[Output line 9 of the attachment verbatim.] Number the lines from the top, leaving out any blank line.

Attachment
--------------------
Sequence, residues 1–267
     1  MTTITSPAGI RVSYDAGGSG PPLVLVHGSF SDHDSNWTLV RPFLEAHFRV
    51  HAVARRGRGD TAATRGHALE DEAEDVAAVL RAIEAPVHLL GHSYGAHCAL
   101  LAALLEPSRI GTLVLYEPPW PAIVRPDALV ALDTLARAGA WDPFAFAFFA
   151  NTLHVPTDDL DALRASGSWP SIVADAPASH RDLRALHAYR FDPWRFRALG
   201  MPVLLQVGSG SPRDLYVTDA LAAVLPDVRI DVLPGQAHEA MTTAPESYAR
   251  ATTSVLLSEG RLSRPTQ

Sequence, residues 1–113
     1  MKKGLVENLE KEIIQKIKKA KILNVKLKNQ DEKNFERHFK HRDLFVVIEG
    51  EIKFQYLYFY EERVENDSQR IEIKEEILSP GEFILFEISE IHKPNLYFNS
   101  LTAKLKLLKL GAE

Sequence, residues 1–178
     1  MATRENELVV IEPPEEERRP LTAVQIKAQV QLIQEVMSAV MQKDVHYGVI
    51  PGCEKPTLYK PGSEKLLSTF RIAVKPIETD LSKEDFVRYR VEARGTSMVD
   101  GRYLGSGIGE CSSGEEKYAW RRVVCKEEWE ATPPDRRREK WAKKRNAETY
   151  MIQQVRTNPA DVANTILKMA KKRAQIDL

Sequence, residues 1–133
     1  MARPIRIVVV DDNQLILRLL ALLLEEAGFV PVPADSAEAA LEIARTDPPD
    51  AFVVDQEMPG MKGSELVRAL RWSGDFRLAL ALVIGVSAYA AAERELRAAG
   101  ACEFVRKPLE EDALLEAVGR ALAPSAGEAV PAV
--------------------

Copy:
     1  MKKGLVENLE KEIIQKIKKA KILNVKLKNQ DEKNFERHFK HRDLFVVIEG